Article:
Submit a Manuscript to the Journal
Educational Philosophy and Theory
For a Special Issue on
Humility in Educational Philosophy and Theory
01 July 2021
01 November 2021
Humility in Educational Philosophy and Theory
Humility is regarded as beneficial for individuals, relationships, and society. It is believed to increase personal well-being and tolerance of difference, and enhance interpersonal relationships. Scholars recommend that schools educate young people for “cultural humility”, “democratic/civic humility”, and “intellectual humility”. Cultural humility involves self-reflection when interacting with individuals from different cultural backgrounds (Haynes-Mendez & Engelsmeier, 2020). Button (2016) recommends democratic humility as “recognition that we are in need of ethical dispositions in accordance with which we can live within the multiple and increasingly heightened tensions of our ontological-historical condition” (p. 855). Intellectual humility refers to accurate and sincere recognition of epistemic limitations of oneself and others (Pritchard, 2020; Spiegel, 2012; Tanesini, 2018).
Educating for humility could be regarded as an important element and goal of education as it helps students realise their limitations and consider different (even opposite) perspectives (Pritchard, 2020; Spiegel, 2012). However, as with other virtues, humility may be conceptualised and expressed differently across diverse cultural communities. In relation, how to educate for humility may look different in schools around the world. Meanwhile, some evidence suggests that education actually decreases people’s level of humility, particularly in western societies, at odds with the goals of those interested in moral and values education.
In western philosophy, humility is seen to have two components, as inwardly and outwardly directed: as a personal state, and a disposition toward others. Before the late nineteenth century, many western philosophers, such as Spinoza, Nietzsche, Kant, Sidgwick, and others following Aristotelian and liberal traditions, saw humility as a lack of rational understanding, self-abasement, or underestimation of moral worth. Since the last few decades, more scholars identify humility with non-overestimation of moral self-worth. In view of human vulnerabilities, they state that it is important to recognise human imperfections and develop a realistic sense of self.
Similar to western ideas, humility in Confucianism is an inner virtue and outward demeanour (Rushing, 2013). The fundamental ideas concerning human life purposes start with self-cultivation (修身) (Tu, 1985). With a view that “the self is both the seeker and the impeder” (Li, 2016, p. 153) in self-cultivation, Confucianism contends that self-conceit (自大), hubris (自负), arrogance (傲慢), and complacence (自以为是/洋洋得意) impede this process (Li, 2016; Rushing, 2013). These feelings are dangerous as they lead people to become self-satisfied, overestimate themselves, and make mistakes that can lead to moral and other kinds of failure.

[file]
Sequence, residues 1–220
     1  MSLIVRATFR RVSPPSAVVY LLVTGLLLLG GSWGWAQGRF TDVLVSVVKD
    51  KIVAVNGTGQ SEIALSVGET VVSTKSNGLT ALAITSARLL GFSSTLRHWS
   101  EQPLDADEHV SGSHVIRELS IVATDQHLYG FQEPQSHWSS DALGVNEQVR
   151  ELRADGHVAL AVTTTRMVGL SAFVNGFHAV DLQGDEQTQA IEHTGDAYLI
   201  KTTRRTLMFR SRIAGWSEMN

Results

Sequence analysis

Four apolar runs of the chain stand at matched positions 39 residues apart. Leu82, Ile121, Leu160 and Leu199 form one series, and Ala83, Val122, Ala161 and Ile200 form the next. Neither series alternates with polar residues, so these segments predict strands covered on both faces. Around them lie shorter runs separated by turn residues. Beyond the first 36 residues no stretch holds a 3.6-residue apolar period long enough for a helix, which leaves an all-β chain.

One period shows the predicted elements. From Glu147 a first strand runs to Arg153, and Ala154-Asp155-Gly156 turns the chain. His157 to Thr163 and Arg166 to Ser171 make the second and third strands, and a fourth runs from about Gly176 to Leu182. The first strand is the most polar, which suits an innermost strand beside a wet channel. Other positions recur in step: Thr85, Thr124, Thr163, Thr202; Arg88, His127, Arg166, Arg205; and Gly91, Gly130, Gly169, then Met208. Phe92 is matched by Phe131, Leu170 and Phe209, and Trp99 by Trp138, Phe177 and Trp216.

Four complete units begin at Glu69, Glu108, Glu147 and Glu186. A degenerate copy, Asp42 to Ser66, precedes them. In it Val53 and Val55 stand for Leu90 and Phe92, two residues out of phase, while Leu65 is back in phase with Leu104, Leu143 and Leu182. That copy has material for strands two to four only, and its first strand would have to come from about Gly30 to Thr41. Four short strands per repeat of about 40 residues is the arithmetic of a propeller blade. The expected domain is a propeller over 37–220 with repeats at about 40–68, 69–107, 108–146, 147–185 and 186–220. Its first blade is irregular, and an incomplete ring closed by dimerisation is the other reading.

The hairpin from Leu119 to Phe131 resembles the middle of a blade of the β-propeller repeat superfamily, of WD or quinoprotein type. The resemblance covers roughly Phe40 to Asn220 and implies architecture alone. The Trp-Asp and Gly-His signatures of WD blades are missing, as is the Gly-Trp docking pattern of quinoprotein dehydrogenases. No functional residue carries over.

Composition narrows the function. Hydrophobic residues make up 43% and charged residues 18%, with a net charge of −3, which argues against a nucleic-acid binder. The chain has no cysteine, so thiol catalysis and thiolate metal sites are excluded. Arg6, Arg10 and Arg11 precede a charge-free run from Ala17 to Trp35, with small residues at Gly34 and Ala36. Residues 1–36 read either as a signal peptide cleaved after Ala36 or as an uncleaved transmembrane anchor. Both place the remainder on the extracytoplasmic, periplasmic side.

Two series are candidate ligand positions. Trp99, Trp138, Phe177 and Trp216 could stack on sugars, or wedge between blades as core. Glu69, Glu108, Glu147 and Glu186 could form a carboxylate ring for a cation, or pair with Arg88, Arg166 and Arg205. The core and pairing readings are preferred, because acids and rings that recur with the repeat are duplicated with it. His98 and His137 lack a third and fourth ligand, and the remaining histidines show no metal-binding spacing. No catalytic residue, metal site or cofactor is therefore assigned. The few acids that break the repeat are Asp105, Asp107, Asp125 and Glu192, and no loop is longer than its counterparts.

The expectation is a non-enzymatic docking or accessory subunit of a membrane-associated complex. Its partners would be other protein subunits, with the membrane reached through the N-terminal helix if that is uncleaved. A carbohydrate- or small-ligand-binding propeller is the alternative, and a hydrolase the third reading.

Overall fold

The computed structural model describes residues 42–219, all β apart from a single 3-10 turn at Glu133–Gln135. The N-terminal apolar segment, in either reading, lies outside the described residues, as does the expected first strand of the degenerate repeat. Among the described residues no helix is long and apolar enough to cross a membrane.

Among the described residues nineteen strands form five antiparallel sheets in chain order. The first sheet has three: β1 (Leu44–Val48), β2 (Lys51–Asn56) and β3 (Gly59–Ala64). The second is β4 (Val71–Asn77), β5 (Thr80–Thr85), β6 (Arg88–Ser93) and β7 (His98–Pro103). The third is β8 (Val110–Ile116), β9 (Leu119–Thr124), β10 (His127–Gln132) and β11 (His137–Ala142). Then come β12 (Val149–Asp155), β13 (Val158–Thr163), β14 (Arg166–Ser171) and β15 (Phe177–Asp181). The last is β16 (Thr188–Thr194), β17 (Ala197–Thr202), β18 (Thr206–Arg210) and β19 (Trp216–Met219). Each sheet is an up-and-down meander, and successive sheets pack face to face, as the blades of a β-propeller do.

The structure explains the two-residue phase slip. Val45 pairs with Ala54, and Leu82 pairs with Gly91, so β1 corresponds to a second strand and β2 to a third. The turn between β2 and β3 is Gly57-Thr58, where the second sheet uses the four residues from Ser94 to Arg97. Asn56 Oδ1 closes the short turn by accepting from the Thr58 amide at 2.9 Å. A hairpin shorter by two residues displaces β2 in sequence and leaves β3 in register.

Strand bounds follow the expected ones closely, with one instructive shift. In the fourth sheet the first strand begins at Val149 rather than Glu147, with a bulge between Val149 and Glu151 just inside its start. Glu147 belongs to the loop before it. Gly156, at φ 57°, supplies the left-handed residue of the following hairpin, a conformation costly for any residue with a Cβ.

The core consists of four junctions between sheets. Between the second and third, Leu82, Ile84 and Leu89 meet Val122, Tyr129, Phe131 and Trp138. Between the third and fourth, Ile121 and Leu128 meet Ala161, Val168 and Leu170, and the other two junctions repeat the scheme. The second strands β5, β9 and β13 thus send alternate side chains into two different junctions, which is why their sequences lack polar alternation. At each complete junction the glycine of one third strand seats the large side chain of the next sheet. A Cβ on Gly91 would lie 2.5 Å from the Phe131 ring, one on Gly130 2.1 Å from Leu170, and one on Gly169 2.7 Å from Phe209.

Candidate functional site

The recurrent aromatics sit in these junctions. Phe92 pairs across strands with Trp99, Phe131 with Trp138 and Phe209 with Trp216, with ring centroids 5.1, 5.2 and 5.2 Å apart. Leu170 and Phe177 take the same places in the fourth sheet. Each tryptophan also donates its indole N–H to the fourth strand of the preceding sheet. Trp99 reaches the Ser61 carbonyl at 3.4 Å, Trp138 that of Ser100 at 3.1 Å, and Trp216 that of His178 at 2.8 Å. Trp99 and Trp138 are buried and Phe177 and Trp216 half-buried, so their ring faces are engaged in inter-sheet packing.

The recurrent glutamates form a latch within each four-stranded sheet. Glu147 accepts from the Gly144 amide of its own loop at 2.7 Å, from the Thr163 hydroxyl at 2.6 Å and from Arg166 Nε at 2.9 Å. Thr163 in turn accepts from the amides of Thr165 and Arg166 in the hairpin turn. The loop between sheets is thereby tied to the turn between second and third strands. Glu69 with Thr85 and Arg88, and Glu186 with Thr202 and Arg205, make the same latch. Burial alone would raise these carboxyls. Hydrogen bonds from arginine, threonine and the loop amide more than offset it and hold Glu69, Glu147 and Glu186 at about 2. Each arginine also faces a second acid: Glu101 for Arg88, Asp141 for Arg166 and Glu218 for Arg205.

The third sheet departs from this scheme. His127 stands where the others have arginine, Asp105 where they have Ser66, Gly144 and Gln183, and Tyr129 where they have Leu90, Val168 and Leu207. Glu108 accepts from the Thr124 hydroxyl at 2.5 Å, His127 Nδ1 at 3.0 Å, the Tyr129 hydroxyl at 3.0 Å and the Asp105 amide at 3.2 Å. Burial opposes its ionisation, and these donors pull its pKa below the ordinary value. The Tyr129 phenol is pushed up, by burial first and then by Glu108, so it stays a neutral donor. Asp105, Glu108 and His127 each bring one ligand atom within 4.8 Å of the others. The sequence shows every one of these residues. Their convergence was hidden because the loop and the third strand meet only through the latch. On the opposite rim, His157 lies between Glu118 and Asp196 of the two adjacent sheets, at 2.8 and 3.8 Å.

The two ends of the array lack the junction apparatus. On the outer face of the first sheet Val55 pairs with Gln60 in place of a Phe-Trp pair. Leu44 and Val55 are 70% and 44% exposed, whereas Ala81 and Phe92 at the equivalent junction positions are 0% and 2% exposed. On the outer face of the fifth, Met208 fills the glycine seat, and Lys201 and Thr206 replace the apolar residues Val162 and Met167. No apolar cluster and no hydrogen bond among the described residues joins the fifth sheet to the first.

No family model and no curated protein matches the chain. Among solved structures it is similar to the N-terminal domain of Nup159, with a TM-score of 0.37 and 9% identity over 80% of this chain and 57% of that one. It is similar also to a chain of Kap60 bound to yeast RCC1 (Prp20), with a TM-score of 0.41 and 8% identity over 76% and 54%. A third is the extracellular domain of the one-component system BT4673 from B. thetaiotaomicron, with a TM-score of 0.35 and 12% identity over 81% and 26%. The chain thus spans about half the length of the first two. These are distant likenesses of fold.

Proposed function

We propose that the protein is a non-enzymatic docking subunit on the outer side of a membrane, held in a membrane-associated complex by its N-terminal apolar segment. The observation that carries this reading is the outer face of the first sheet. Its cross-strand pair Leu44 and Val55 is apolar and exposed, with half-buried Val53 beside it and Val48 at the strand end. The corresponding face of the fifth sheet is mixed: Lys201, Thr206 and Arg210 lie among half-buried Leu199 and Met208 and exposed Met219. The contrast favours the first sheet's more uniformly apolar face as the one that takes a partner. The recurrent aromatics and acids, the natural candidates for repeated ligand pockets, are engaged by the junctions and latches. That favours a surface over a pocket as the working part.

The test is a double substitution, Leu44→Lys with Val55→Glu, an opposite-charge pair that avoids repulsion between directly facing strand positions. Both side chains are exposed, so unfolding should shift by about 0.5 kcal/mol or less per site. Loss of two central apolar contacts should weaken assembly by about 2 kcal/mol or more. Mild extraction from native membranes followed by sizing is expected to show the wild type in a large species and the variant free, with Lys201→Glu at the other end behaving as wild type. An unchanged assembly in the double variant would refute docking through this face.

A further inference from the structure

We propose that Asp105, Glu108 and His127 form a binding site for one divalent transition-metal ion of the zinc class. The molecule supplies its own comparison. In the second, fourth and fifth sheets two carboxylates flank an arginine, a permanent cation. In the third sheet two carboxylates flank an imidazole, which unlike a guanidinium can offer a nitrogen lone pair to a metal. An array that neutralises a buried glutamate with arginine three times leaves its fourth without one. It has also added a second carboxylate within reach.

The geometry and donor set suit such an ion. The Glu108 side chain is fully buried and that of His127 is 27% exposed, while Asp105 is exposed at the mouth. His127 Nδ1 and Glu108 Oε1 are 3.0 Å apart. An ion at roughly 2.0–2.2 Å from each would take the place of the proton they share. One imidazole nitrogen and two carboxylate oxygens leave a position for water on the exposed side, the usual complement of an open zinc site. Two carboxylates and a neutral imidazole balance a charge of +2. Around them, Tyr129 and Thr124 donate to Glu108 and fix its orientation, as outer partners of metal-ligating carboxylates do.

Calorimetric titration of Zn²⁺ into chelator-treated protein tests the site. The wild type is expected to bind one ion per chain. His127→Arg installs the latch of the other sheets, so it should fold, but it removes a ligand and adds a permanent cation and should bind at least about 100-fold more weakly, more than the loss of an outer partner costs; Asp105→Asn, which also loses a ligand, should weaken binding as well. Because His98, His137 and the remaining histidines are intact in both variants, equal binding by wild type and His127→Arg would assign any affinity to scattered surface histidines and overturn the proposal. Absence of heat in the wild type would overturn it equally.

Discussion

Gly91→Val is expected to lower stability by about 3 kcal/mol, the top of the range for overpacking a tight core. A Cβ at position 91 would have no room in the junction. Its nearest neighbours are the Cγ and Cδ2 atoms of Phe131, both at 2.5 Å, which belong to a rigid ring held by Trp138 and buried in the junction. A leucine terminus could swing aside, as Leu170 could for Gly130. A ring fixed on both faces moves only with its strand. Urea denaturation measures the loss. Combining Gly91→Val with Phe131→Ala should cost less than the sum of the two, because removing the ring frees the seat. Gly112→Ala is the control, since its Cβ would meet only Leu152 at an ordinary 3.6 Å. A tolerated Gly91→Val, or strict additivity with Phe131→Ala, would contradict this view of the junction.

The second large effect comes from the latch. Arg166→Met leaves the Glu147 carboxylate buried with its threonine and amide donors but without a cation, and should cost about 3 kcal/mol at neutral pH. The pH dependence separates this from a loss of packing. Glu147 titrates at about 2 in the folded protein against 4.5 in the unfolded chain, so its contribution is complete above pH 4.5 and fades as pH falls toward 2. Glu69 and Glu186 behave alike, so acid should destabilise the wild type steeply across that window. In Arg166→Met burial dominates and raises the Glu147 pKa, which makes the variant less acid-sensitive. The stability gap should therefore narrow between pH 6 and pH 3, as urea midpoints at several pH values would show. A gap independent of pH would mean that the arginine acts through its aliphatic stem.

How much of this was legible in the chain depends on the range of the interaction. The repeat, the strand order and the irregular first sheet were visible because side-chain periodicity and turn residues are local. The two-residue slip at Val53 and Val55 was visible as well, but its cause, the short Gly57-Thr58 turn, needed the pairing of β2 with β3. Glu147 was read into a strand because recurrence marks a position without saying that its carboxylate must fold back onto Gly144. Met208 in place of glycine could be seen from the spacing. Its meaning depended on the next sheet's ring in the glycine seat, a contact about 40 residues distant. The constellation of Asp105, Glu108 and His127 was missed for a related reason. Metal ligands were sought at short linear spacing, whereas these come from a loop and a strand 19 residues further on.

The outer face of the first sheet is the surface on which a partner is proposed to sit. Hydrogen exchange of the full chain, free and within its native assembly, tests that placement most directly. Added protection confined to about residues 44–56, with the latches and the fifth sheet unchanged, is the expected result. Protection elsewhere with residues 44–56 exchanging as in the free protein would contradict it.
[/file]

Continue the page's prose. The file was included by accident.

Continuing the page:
Few researchers have comparatively examined philosophies of humility, and while many recommend its benefits, how to teach for humility within a particular cultural context, in light of the political challenges it may pose (e.g., political submission), has also not yet been systematically explored.
This call for papers invites explorations of the philosophical and theoretical roots underpinning different conceptions of humility, and their implications for education. We particularly invite contributions which:
- Compare the role of humility across different philosophical traditions (for example, East and West, or different religious and metaphysical views)
- Develop critical analyses of the political implications of promoting humility in education in different cultural and social contexts
- Trace how distinctive philosophical and political views of humility link to educational models and practices
- Consider humility in connection to views of self-other relations and amidst other complementary or competing virtues (for instance, vulnerability, courage, openness, prudence, and gratitude)
Final papers for peer review should be no more than 6,000 words in length, including references. A guide for authors, sample issues, and other relevant information is available on the EPAT website https://pesa.org.au/our-publications.
In the first instance, please send abstracts to Liz Jackson at [email protected] by July 1st, 2021. Full papers are due by November 1st 2021.
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